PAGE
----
To promote hospital fire safety and prevent surgical fires, “the U.S. Food and Drug Administration has launched an education program for medical professionals using safeguards found in NFPA codes and standards.” Source: NFPA Journal

Fire safety guidelines for hospitals

Individual fire protection and life safety measures are part of a system. No single fire protection feature can be effective without other supporting elements. For example, a fire sprinkler system without an alarm or compartmentation may not be able to do its job adequately. Without an alarm, there would be no notification that a fire is occurring and that action should be taken. Without compartmentation, the fire could grow unimpeded, and it might quickly overcome the capabilities of a fire sprinkler system.

In the following paragraphs (and our downloadable hospital fire safety checklist), we examine the NFPA codes and standards references that ensure fire protection and life safety systems work as intended. These items include compartmentation, fire sprinklers, specialized fire suppression systems and extinguishers, fire alarms, backup power, and safety operations and plans.

Compartmentation in medical facilities

Chapter 18 of NFPA 101 outlines the construction and design requirements for a medical structure. Many of these specs focus on compartmentation, which is a passive fire protection system that prevents or slows the spread of fire by walling it off. Included in the rules is the required fire rating of walls, doors, and corridors for patient rooms, operating areas, special hazard spaces, and egress paths.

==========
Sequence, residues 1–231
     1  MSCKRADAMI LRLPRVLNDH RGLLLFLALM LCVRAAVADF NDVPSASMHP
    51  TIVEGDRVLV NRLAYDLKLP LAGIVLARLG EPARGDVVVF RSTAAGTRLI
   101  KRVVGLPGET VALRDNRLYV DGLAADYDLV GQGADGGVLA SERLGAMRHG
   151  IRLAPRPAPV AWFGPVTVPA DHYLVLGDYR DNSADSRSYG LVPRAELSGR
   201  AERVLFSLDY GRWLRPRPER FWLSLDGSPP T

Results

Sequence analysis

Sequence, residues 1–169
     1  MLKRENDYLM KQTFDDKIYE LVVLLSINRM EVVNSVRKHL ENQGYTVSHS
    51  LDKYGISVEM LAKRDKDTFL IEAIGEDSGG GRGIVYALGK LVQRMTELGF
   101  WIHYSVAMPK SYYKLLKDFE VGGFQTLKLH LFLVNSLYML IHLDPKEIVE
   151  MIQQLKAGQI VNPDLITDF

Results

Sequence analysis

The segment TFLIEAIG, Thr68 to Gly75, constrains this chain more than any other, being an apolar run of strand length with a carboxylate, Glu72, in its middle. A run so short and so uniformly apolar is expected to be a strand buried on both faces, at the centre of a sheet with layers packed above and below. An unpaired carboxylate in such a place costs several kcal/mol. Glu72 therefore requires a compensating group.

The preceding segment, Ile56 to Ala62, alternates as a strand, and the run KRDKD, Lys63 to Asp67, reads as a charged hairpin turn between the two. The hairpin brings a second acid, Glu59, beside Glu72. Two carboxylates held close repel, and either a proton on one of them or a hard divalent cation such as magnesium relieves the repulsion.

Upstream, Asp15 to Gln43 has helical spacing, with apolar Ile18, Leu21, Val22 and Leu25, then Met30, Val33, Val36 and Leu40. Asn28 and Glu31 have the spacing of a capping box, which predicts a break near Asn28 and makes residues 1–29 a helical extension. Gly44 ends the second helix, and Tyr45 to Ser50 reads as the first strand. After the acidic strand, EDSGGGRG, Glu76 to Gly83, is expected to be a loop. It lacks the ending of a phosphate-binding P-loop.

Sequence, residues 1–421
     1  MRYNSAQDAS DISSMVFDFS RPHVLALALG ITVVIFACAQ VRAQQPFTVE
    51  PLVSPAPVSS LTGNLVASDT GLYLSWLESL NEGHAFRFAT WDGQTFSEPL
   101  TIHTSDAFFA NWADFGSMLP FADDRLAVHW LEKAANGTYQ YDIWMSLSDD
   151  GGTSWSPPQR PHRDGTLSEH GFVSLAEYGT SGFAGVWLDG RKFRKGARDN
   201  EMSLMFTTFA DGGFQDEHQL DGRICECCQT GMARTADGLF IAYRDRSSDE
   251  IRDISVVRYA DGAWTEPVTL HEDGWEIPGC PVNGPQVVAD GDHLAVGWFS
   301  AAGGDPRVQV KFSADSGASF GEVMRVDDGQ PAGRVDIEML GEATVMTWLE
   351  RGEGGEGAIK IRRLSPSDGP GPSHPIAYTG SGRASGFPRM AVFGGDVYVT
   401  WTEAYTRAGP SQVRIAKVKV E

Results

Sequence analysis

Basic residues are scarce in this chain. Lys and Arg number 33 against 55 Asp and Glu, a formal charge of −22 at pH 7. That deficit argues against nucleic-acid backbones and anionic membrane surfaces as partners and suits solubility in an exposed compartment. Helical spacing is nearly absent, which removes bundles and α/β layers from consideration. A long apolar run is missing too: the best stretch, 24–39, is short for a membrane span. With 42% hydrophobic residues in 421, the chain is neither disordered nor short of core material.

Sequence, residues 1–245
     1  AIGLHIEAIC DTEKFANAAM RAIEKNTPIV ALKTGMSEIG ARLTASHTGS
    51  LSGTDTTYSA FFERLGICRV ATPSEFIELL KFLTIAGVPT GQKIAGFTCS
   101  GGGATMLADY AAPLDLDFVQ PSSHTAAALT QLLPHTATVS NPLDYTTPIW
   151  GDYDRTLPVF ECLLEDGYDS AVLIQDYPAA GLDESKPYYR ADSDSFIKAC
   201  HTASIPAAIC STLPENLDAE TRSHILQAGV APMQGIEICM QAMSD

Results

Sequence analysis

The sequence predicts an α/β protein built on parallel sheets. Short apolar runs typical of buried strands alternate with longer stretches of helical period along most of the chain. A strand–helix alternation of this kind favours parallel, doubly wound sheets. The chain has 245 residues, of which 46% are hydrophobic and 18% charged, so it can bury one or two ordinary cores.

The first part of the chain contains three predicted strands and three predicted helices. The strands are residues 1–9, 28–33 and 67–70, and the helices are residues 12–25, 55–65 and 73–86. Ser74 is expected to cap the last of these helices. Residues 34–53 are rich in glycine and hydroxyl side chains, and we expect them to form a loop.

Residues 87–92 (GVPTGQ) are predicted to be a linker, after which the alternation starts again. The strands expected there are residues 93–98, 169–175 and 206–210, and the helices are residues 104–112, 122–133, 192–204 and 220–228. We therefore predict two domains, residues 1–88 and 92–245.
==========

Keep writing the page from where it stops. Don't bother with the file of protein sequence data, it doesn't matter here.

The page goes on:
These surfaces must remain intact to ensure that their required fire-resistance rating is in place. Any openings in a fire-resistance-rated wall must be adequately sealed or protected. This requires appropriately rated fire doors, windows, and transfer grilles.

From the 2018 edition of NFPA 101

8.3.3.1 General. Every opening in a fire barrier shall be protected to limit the spread of fire from one side of the fire barrier to the other.

As hospital facilities are maintained and updated, various trade workers and equipment have to penetrate the fire-rated walls; these holes may be for IT/communications cables, ductwork, or a myriad of other items. Each opening that penetrates the fire-rated barrier must be properly sealed and fire-stopped. And areas that are prone to penetrations should be documented and frequently inspected.

From the 2018 edition of NFPA 101

8.3.4.2* Firestop Systems and Devices Required.

8.3.4.2.1 Penetrations for cables, cable trays, conduits, pipes, tubes, combustion vents and exhaust vents, wires, and similar items to accommodate electrical, mechanical, plumbing, and communications systems that pass through a wall, floor, or floor/ceiling assembly constructed as a fire barrier shall be protected by a firestop system or device.

Fire sprinklers in hospitals

Fire sprinklers must be installed throughout healthcare occupancies. These systems are installed following NFPA 13: Standard for the Installation of Sprinkler Systems, and they are maintained according to NFPA 25: Standard for the Inspection, Testing, and Maintenance of Water-Based Fire Protection Systems.